Iraq Intelligence

Lawmakers: U.S. intelligence based on `fragmentary information', 7/15/03

WASHINGTON—Large stockpiles of banned weapons probably don't exist in Iraq, the bipartisan leaders of the House of Representatives Intelligence Committee concluded Tuesday after a trip to Baghdad.

"The big question still is, where are they?" committee Chairman Porter Goss, a Florida Republican, said about the search for weapons of mass destruction.

The possibility that some biological and chemical weapons have been dispersed, hidden or given to other nations or to terrorists "demands an urgent response," Goss said.

U.S. forces in Iraq have not found unequivocal evidence of weapons of mass destruction. The allegation that Iraq possessed these weapons was one of the major justifications the Bush administration gave before it went to war there.

Goss and three other members of the committee met with top intelligence and military officials in Iraq, and said they were pleased with the intense search for weapons.

But their report noted a serious lack of reliable data before the war.

David Kay, the CIA's special adviser for the search, and Army Gen. Keith Dayton "both noted that the intelligence community's assumptions about Iraq's weapons programs were largely based on fragmentary information collected over the past decade without any particularized insight into that closed society," the House members said in their report.

"The evidence does not point to the existence of large stockpiles of chemical or biological weapons," the report continued.

An internal CIA review found that the agency lacked precise, up-to-date information about the threat from Iraqi weapons, a former CIA deputy director told Knight Ridder two weeks ago.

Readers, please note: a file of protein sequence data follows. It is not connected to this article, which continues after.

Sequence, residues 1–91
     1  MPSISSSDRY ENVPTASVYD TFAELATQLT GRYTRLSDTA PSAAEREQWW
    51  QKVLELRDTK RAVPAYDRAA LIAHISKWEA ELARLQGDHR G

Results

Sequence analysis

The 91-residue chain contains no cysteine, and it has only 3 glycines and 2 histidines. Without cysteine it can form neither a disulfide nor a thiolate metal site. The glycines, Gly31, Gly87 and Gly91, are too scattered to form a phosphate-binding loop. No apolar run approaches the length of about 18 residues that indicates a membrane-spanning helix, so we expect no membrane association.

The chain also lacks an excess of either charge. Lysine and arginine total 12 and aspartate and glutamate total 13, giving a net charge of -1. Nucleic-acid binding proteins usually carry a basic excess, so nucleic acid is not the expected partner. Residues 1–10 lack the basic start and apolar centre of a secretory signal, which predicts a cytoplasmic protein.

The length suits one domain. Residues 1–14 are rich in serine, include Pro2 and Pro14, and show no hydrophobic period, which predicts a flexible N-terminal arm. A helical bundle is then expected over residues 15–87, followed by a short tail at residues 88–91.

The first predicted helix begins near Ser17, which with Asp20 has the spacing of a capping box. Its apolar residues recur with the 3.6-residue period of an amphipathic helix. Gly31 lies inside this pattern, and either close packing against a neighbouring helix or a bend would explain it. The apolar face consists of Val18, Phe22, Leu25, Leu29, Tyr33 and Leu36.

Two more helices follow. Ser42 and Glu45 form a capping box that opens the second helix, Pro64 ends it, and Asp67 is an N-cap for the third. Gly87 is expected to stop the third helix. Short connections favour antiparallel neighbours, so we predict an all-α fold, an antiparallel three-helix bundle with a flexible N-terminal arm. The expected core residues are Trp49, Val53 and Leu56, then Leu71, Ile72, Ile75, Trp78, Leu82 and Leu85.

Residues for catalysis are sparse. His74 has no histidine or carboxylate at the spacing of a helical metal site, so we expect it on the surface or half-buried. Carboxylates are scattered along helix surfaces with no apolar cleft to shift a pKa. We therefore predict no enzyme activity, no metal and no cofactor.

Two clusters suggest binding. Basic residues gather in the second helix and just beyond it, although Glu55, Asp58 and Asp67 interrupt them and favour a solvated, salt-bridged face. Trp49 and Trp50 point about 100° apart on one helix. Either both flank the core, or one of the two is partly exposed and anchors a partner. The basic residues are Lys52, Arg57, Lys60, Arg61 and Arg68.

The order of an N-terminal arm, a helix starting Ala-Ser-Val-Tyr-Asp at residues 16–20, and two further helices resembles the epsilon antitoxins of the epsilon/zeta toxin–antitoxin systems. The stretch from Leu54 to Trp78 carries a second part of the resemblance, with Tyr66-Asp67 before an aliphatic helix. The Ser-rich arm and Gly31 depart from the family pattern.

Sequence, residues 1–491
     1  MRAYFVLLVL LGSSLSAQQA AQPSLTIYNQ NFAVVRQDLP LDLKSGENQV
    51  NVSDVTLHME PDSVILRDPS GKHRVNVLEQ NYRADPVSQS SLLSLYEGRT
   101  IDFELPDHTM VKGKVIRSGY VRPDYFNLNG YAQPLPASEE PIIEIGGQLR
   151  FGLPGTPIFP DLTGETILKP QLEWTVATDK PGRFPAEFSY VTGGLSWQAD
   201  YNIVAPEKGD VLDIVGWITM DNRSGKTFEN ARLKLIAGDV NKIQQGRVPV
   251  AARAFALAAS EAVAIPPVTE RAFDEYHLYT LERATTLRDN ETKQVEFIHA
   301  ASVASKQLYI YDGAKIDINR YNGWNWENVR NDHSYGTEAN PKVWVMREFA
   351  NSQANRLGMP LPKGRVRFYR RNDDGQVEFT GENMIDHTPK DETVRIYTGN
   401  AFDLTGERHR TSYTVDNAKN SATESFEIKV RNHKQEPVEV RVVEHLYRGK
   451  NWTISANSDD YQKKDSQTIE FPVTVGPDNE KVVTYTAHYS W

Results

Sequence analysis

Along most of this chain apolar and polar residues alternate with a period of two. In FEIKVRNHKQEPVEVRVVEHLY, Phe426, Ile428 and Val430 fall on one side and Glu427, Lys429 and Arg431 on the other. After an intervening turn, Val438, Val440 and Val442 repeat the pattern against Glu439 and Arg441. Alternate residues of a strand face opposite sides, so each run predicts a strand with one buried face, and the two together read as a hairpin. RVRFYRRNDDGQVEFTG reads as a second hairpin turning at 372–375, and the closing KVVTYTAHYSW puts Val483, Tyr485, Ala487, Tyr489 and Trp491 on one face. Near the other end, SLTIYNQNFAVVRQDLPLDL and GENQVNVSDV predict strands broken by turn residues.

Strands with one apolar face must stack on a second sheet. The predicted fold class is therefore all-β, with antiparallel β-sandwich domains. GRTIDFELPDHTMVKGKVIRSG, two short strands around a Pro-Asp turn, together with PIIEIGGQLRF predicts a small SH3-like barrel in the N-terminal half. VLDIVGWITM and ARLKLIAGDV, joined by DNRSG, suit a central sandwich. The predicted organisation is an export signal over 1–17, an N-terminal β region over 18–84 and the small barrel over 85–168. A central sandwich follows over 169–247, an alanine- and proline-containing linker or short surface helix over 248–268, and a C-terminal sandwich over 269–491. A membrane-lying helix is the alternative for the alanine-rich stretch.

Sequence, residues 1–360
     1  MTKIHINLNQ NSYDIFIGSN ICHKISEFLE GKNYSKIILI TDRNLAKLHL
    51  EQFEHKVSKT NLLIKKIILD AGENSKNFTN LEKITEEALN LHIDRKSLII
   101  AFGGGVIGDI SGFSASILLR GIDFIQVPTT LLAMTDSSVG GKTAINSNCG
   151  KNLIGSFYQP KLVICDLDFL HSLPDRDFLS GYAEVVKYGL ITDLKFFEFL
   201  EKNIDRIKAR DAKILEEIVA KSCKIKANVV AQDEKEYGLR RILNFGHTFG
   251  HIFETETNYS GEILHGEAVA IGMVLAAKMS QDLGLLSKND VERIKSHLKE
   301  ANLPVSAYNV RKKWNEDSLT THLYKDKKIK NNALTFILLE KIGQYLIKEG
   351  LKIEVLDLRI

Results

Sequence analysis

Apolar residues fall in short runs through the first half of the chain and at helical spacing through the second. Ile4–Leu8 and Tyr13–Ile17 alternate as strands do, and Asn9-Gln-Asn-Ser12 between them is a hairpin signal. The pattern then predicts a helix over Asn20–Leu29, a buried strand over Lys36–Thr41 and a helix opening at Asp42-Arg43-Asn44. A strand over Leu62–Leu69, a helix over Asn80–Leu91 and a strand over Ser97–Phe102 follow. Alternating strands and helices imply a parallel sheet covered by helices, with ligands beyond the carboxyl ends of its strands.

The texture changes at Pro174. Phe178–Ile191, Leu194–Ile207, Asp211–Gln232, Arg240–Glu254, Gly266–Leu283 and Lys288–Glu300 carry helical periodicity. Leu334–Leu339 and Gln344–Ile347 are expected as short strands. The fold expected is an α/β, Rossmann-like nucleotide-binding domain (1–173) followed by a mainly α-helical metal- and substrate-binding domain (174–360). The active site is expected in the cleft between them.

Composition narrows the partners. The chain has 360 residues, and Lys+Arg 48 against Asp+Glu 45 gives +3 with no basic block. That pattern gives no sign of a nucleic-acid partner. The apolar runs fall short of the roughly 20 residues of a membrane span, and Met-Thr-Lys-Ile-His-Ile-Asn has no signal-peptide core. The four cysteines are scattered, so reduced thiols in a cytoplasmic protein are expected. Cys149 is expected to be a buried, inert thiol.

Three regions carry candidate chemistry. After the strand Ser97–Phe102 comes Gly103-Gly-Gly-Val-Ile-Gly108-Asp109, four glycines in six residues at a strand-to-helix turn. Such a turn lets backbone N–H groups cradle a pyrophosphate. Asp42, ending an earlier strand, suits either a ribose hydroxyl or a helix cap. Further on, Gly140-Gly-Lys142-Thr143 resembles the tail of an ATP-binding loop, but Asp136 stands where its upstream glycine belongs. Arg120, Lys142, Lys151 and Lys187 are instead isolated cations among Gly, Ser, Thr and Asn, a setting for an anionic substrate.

Other analysts have pointed to a lack of human intelligence from Iraq, and a dependence on defectors who weren't always reliable.

"The intelligence case for war relied more than it should have on circumstantial indicators of Iraq's weapons programs rather than solid facts," said Rep. Jane Harman of California, the ranking Democrat on the committee. "The intelligence community did not highlight gaps and uncertainties."

Harman, who voted for the use of force in Iraq, predicted that U.S. forces will find evidence of weapons programs, but not necessarily any stockpiles of chemical or biological agents.

The committee is conducting a review of prewar intelligence and how it was used, including a disputed report about Iraq's alleged attempt to buy uranium for nuclear weapons, which President Bush cited in his State of the Union speech.

Goss said he'd seen no misuse of intelligence before the war. He and Harman said they supported CIA Director George Tenet, who took responsibility for allowing mention of the uranium report in the speech.

But Harman said a thorough investigation of the use of intelligence on Iraq was necessary "to ensure U.S. credibility" in dealing with North Korea, Iran and other potential crises.


(c) 2003, Knight Ridder/Tribune Information Services.